Guru Harekrishna Behera, who passed away in New Delhi this past Sunday, will be remembered for popularising Odissi outside his native State.
As the 20th Century saw India increasingly waking up to the call of Independence from British rule and eventually take its place among the nations of the modern political landscape, the arts were an enthusiastic part of this phenomenon, as traditional and sacred forms of expression were rediscovered and often repackaged to meet the contemporary world halfway and help a newly independent country take pride in its heritage. Mistakes too were made, and misunderstandings perpetuated, but that phase of nation building cannot be wished away. And there is no doubt it was laden with hope and a constructive energy. The 21st Century, though, is a sober reminder that nothing lasts forever. A determined wave of loss engulfs, one by one, the icons who made us proud to be Indians, the elders whose lives were their message. Among the latest to leave the flock and embark on his last journey was Guru Harekrishna Behera, Odissi dancer and preceptor to hundreds of students across the world, who breathed his last this past Sunday at New Delhi's All India Institute of Medical Sciences. The Odissi field seems to be particularly unlucky in that it has lost its leading lights in quick succession, some to really untimely deaths.
Guru Behera is recognised as having helped establish Odissi as a classical dance form when hardly anyone had heard of it outside his native State.
His daughter Kavita, noted Odissi dancer, says he was singing Oriya songs and the Dashavatara ashtapadi from the Gita Govindam hours before his passing. Having suffered a long illness, he had been in and out of hospital over the past couple of years, and had recently returned home after another 10-day stint. Kavita’s narration of how on Saturday he became strangely silent, then partook of prasad from the local temple where his students had performed, followed by his singing of devotional songs just before becoming breathless and being rushed to hospital, is only further illustration of a life immersed in unquestioning bhakti. Towards the end, says Kavita, he told his wife and doctors attending on him that his “ticket has been issued” and died peacefully.
Messages of grief and condolence are pouring in from all over the world on Kavita’s Facebook page and other sites. Student after student points out how Guruji, beyond teaching dance, taught one how to be a good human being.
A man of humble beginnings, his precise date of birth is the subject of some confusion to his daughter, since the family knew it to be 23 March 1931, although the records placed it at 1938. Hailing from village Buanl in Balasore district of Odisha, he studied, says his daughter, perhaps only till Class V. However, he was an avid reader and made up for his lack of formal education, teaching himself to read and write Hindi and Bengali, and acquiring a working knowledge of English.
His depth can be gauged from the fact that he undertook systematic training in Kathak from Pandit Birju Maharaj, as well as Thumri from Siddheshwari Devi. He was never known to perform these forms. While today the trend is to pick up bits and pieces of training to create a picturesque amalgam for performance, here was a man who allowed knowledge to deepen his awareness yet did not flaunt it.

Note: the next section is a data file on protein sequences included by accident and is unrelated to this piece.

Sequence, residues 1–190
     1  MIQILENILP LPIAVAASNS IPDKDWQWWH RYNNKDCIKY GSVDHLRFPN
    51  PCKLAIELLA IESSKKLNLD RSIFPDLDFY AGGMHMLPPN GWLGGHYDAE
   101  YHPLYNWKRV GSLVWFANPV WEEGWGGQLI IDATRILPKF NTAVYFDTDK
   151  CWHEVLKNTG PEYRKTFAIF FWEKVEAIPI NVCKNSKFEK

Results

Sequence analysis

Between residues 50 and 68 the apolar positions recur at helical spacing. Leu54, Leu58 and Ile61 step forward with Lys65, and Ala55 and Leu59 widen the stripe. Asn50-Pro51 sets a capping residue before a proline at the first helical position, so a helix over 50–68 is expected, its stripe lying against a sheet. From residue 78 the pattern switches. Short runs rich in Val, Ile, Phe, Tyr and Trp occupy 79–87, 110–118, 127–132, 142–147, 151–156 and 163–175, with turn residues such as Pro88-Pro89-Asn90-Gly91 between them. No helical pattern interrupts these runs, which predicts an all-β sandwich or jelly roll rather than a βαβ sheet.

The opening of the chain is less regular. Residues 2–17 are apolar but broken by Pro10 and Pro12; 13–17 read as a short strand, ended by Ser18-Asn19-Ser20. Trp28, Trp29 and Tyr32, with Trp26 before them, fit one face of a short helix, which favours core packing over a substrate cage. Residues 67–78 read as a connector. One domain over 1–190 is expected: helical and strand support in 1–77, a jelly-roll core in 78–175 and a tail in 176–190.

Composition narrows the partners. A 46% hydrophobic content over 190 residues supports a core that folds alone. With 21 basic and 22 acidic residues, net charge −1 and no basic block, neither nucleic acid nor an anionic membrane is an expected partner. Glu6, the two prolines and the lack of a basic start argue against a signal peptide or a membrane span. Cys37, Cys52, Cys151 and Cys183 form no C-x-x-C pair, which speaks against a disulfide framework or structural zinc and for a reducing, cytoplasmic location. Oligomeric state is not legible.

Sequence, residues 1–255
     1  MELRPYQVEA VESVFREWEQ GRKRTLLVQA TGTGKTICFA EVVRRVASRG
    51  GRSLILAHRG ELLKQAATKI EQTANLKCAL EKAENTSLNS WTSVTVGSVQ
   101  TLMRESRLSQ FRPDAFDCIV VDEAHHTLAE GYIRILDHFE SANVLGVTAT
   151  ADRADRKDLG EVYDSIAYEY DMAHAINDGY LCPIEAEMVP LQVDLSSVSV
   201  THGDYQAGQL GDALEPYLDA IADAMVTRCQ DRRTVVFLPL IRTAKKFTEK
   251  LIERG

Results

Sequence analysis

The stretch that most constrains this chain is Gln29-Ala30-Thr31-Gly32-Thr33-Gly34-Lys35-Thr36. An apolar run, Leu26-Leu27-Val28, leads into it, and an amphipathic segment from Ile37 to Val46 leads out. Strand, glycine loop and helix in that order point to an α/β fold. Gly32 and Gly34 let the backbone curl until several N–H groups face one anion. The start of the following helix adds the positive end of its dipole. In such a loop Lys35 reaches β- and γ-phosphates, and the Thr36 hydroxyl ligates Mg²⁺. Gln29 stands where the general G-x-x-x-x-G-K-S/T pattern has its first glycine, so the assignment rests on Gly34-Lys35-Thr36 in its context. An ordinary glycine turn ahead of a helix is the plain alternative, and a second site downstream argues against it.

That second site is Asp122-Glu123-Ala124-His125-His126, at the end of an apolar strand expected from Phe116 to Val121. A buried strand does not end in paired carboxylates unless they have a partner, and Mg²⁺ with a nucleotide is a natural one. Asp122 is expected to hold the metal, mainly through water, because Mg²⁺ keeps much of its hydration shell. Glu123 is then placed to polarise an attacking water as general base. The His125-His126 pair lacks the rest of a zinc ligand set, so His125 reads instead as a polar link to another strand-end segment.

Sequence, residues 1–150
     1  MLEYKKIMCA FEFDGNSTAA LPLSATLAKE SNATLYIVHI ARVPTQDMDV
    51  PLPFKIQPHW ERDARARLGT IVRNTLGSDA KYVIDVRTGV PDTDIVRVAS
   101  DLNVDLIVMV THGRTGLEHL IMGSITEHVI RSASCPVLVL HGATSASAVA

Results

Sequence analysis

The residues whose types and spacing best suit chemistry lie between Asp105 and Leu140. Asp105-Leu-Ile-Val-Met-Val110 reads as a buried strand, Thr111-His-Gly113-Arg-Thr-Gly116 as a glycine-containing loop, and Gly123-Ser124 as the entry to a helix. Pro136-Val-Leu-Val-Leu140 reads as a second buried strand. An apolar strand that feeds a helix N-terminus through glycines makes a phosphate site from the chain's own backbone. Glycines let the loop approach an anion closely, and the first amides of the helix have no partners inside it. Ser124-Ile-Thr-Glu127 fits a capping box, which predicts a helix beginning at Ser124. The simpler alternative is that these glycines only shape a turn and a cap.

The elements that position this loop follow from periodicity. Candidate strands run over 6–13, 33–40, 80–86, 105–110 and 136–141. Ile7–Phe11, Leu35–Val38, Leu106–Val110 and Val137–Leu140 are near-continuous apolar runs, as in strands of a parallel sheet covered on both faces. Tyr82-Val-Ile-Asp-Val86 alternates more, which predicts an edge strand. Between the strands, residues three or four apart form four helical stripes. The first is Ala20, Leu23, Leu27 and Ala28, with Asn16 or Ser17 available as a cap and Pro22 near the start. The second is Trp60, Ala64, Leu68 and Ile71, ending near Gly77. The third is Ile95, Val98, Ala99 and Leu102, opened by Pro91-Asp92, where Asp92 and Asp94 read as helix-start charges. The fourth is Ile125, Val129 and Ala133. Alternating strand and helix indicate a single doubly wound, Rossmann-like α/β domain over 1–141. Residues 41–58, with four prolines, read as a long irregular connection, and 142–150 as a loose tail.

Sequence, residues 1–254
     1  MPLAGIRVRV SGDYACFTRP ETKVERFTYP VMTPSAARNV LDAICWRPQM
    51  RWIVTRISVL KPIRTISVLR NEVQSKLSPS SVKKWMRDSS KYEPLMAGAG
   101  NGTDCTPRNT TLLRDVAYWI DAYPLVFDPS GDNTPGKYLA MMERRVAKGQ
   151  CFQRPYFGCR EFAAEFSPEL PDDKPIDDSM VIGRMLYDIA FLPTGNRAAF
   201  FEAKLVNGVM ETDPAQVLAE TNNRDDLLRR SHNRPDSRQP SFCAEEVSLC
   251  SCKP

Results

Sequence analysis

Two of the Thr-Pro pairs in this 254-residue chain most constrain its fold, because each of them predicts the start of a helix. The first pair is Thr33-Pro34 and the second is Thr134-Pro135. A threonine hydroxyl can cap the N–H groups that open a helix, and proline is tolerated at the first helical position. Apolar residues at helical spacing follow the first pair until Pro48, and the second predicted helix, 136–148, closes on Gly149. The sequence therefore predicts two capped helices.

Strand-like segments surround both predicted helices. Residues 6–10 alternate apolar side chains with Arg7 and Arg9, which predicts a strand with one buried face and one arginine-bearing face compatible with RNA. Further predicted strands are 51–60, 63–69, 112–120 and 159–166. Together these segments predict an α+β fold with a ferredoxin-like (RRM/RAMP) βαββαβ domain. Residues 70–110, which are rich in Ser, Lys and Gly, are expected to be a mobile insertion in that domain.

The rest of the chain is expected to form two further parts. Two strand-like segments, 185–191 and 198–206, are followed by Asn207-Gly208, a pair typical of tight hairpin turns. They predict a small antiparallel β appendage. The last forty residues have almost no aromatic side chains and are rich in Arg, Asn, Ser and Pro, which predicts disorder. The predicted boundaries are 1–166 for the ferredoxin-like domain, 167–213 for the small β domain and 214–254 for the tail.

It was during these knowledge gathering forays that he forged bonds with artists across the spectrum. Shovana Narayan and Uma Sharma learnt Kathak under Birju Maharaj alongside Behera.
“Papa used to say that whatever I am today is because of Birju Maharaj,” relates Kavita. This was because at a time when his scholarship from the Ministry (of Culture) had expired and he did not know how to make ends meet, the Kathak maestro strictly told the young Behera, ‘You will not return to Orissa.’”
Thus the young Odissi guru took up accommodation with Birju Maharaj till he found his feet in the Capital.
The list of people who have learnt under or taken guidance from Guru Harekrishna Behera in Odissi dance reads like a roster of luminaries from various walks of life. Yamini Krishnamurti, Sonal Mansingh, Madhavi Mudgal, Radha Reddy, Jyoti Srivastava and Smriti Mehta are just a few of the dancers. That well known journalist Barkha Dutt too was his student is illustrative of how variously and in hidden ways a guru can touch the world through his art.
Strict in teaching, his favourite way of scolding his disciples was “bhaalu gadha,” laughs Kavita. The students loved it so much that they unconsciously have begun to imitate the reprimand in their own classes. One senior student, conducting class in front of Guruji, only realised what she had said in the sudden ensuing silence. Then Guruji burst out laughing, to her relief!
Having set up classes at his home in Asiad Village besides Alaknanda and Gurgaon, Guruji was taking active part in the teaching from his residence — the other centres are handled by the younger daughters Kaveri and Kalyani — till the end, says Kavita, and though his memory may have been failing him on other counts, he was always accurate in remembering the dance compositions. Though all his daughters are Odissi dancers, he never used his influence to help them get a platform, they say.
Guruji had started a college for art and culture in his village Buanl. In his last days he was nostalgic for his native land, says Kavita, though he had lived in Delhi for over 45 years.
A memorial service is being planned in Buanl in the near future.